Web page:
What is a hypertensive emergency?


A healthy blood pressure usually does not exceed 120/80.  Individuals whose blood pressure is > 140/90 consistently, will most likely be diagnosed with and treated for high blood pressure, also known as hypertension.  Sometimes, a small number of those with hypertension will experience a dramatic spike in their blood pressure reading in which the upper number (systolic pressure) exceeds 180, and/or the bottom number (diastolic pressure) exceeds 110. The person may experience shortness of breath, headache, blurred vision, confusion.  This condition calls for medical treatment right away. If untreated, the person can experience complications affecting the heart, blood vessels, other organs, and the brain, possibly triggering a stroke or seizures. For this reason, a hypertensive crisis is considered a medical emergency.    

Dr. Elif E. Oker, MD
Medical Toxicology

A hypertensive emergency occurs when a person's blood pressure becomes high enough to cause damage to vital organs such as the brain, heart and kidneys. Examples of organ damage due to severely elevated blood pressure include heart attack, stroke and kidney failure.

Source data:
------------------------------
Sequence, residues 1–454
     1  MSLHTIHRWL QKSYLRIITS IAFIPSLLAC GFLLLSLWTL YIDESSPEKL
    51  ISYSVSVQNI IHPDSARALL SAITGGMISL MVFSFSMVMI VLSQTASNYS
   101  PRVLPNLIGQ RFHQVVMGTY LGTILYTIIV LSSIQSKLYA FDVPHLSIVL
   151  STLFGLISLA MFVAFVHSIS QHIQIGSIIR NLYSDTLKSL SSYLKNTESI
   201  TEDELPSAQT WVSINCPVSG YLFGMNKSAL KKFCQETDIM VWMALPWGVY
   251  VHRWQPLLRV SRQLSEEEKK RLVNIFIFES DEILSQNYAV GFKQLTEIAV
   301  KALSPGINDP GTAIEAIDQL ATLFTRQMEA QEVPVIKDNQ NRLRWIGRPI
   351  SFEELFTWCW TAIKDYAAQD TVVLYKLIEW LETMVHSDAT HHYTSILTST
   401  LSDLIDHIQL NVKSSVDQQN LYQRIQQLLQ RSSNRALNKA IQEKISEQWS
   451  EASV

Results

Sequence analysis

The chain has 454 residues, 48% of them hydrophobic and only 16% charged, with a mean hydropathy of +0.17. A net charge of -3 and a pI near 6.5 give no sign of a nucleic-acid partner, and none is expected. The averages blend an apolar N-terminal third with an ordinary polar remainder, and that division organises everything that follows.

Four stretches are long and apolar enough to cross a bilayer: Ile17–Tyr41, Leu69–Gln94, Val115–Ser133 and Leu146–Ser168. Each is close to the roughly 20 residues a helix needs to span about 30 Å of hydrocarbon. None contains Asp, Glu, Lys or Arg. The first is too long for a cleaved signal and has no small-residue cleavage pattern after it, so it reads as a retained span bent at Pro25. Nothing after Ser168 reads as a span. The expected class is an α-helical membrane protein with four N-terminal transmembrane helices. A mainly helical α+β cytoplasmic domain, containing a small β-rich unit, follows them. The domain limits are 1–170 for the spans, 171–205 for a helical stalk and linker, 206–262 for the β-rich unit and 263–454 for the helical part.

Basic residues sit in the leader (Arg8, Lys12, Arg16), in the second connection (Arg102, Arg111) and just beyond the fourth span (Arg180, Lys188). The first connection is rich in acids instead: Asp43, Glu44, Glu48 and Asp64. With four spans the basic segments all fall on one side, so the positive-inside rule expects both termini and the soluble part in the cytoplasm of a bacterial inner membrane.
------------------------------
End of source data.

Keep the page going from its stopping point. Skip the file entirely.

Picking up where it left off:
If you have high blood pressure accompanied with chest pain, dizziness, confusion, severe headache or vision changes, be sure to seek immediate medical care.

If your blood pressure is too high you might be diagnosed with a hypertensive emergency. That means your systolic blood pressure is above 180/120 mm Hg and that your vital organs are in danger of severe damage. Two examples of hypertensive emergencies are malignant hypertension and hypertensive encephalopathy. Both of these typically require your blood pressure to be lowered with in-patient treatment. This is usually achieved by administering drugs like nitroprusside or labetalol intravenously.

Continue Learning about Hypertension



Clinically known as hypertension, high blood pressure can cause a host of problems if left untreated. The most common type of cardiovascular disease, high blood pressure causes our hearts to work harder by forcing blood to push ag...

ainst the walls of our arteries at an elevated level. Hypertension is the leading cause of strokes and heart attack. It also increases your risk of having heart and kidney failure and hardening of the arteries, a condition called atherosclerosis.

Important: This content reflects information from various individuals and organizations and may offer alternative or opposing points of view. It should not be used for medical advice, diagnosis or treatment. As always, you should consult with your healthcare provider about your specific health needs.